I’ve figured out one of the problems I have with hospital chaplaincy. Here in the hospital the chaplain is part of the care-giving team. Spiritual care is subsumed under the rubric of health. The (noble and needed) goal is improving the health of our patients. Spiritual care is one of many means to achieve that end.
I agree that religion, spirituality, prayer or other facets of the human-divine encounter can contribute to one’s health. However, when spiritual care is coupled with physical therapy, pharmacology, and many other medical disciplines for the purpose of improving the health of a patient, religion becomes a tool, a utility, a means toward arriving at some other, greater end (health). I think such a view diminishes religion.
Physical therapy, prescription drugs, surgery are means to an end – they are not goals in and of themselves. Religion (and the divine/human encounter it represents), however, is an end in itself. Yet too often we try to demonstrate how prayer or forgiveness can improve one’s quality of life.
"Prayer, then, is no longer seen as an end in itself. It becomes the means to an ends other than communion and communication with God. These ends have become higher goods to which even God is subordinated. Whenever our self-determined goals come first, however laudable they may be, God and our love for God are displaced from the center. A prevailing danger in our culture is that of subordinating everything, even our faith, to therapeutic and pragmatic values." Deborah van Deusen Hunsinger, in Pray without Ceasing: Revitalizing Pastoral Care (2006, Eerdmans), page 32.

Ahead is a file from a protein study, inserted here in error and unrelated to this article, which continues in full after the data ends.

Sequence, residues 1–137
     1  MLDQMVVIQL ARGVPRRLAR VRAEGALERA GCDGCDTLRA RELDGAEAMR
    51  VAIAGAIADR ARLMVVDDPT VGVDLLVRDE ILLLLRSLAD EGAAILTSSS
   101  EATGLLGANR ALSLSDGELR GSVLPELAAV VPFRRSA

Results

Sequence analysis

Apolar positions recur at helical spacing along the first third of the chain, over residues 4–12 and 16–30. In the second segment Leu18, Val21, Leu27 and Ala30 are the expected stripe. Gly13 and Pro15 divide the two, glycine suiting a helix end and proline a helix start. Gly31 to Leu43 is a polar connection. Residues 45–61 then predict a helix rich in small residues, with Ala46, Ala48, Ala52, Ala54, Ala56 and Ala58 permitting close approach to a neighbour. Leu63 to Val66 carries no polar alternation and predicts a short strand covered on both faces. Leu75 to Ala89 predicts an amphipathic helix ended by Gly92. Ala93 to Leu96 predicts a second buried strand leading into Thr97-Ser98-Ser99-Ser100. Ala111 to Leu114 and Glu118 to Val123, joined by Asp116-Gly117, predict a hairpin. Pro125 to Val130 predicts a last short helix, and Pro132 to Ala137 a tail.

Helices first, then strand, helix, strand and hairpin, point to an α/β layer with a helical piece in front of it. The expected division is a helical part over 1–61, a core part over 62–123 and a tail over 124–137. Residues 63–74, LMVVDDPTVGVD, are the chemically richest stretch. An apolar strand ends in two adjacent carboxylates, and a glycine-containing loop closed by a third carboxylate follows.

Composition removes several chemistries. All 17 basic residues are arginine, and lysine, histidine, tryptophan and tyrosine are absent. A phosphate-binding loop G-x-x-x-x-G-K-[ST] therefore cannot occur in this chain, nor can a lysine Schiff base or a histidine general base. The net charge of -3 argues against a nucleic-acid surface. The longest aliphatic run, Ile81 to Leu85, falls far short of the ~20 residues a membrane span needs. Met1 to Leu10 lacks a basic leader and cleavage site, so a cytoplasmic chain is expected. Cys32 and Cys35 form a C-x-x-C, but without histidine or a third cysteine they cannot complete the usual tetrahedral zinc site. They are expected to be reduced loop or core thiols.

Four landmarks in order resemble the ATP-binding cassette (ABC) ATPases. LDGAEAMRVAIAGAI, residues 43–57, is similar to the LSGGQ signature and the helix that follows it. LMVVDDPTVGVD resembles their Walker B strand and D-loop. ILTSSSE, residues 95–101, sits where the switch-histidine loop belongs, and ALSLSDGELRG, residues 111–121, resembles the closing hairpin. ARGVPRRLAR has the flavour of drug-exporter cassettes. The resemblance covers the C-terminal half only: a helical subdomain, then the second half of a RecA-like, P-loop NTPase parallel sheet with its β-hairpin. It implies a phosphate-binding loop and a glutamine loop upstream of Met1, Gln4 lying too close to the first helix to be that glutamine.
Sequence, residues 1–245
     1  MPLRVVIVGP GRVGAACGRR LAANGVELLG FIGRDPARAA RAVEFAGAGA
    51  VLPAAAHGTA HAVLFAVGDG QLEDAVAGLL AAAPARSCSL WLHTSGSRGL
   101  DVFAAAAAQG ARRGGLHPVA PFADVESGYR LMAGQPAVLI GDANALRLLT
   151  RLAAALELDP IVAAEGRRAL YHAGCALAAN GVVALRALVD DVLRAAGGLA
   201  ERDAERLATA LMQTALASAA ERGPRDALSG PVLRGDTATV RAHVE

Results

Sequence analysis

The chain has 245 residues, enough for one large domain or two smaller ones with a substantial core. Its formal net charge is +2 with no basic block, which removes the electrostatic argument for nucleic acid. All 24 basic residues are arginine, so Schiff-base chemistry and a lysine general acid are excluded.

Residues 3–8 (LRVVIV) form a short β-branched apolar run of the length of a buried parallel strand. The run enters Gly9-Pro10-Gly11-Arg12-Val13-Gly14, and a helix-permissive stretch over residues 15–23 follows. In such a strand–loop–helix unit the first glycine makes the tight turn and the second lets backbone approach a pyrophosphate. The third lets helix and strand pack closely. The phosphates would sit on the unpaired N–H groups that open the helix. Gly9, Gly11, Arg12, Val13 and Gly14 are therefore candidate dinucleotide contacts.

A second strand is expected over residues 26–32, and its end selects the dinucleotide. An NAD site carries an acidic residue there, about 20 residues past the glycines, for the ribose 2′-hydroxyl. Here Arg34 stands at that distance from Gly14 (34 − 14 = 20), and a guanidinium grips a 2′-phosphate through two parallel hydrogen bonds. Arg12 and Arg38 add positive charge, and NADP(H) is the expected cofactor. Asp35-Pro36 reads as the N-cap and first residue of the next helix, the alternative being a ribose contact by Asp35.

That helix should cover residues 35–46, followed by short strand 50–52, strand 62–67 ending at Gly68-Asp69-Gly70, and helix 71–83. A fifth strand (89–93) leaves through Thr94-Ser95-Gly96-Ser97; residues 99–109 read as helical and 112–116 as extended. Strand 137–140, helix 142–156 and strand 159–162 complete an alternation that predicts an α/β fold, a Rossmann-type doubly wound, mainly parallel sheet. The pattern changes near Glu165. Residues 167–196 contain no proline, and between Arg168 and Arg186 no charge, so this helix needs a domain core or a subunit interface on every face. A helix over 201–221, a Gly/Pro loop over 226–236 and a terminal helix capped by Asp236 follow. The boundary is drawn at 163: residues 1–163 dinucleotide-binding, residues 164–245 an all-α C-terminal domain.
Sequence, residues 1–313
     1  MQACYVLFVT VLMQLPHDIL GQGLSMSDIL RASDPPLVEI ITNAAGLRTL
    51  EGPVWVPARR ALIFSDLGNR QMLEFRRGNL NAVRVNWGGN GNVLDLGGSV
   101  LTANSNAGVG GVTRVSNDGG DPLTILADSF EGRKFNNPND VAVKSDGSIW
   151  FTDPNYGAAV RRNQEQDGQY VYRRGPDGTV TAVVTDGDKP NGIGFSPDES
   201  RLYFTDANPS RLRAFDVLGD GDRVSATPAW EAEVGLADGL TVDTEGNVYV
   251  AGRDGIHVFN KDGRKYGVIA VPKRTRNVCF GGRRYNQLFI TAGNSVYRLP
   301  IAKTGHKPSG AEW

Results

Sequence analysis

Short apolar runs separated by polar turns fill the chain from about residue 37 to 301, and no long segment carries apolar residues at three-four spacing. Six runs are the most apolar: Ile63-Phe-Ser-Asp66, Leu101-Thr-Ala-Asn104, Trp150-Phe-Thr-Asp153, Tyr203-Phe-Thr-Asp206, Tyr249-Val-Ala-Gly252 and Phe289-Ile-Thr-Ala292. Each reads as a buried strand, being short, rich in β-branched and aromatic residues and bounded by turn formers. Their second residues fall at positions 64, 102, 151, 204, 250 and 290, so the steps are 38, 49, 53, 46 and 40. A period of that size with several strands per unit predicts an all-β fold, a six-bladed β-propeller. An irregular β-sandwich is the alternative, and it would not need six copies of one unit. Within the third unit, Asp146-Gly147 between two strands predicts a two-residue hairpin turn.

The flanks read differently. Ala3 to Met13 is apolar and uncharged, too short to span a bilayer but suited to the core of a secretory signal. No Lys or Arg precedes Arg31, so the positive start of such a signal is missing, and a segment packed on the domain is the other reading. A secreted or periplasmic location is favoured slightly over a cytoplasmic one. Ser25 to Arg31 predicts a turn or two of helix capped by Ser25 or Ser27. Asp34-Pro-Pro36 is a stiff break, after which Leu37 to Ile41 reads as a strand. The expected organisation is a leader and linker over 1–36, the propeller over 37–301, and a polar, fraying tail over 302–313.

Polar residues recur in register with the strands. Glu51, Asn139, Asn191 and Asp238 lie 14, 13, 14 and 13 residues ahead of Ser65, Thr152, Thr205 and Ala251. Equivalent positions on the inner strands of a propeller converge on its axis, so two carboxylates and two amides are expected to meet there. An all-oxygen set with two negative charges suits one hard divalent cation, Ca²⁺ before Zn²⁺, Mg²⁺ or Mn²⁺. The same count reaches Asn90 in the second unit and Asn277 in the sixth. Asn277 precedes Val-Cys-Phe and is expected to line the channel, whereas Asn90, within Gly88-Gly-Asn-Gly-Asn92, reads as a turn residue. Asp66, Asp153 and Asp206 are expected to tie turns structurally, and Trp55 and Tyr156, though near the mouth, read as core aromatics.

Surely there is a slippery slope to her suggestion that God be central in our lives. As with Martin Luther’s spiritual struggle, when have we really made God central? When have we prayed enough, believed enough, been faithful enough? What does a God-centered-life look like? We Lutherans might look critically at Hunsinger’s suggestion, asking if humans are truly able to make God central, and wondering where sin enters into her understanding of the human/divine relationship?
Liberal deconstructionists might ask who the God is that are we making central? Is it the God of middle class, white, suburbia? Is it the God of self-help? Is it the God of success and personal comfort? Who is this God we are seeking – yet perhaps unable – to make central to our lives?
Despite these questions, I like her criticism that prayer/spirituality/religion has become a means to other, supposedly greater goals. Is my faith in God a tool toward a better life, or a gift valuable in and of itself? Is prayer worthwhile only if it decreases my anxiety? I believe that the whole enterprise of prayer/spirituality/religion, the encounter with God and the life of faith, are ends in and of themselves. These ends indeed bear fruit and have personal and social benefits, but these benefits are not the substance, reason or primary purpose of religious practice or belief. If they were, religion would be nothing other than a utility, a tool toward some variously-defined social good. And for various reasons, that is not workable.
More later on this topic and on Deborah Hunsinger’s book (which is an excellent read so far – I’m 100 pages into it).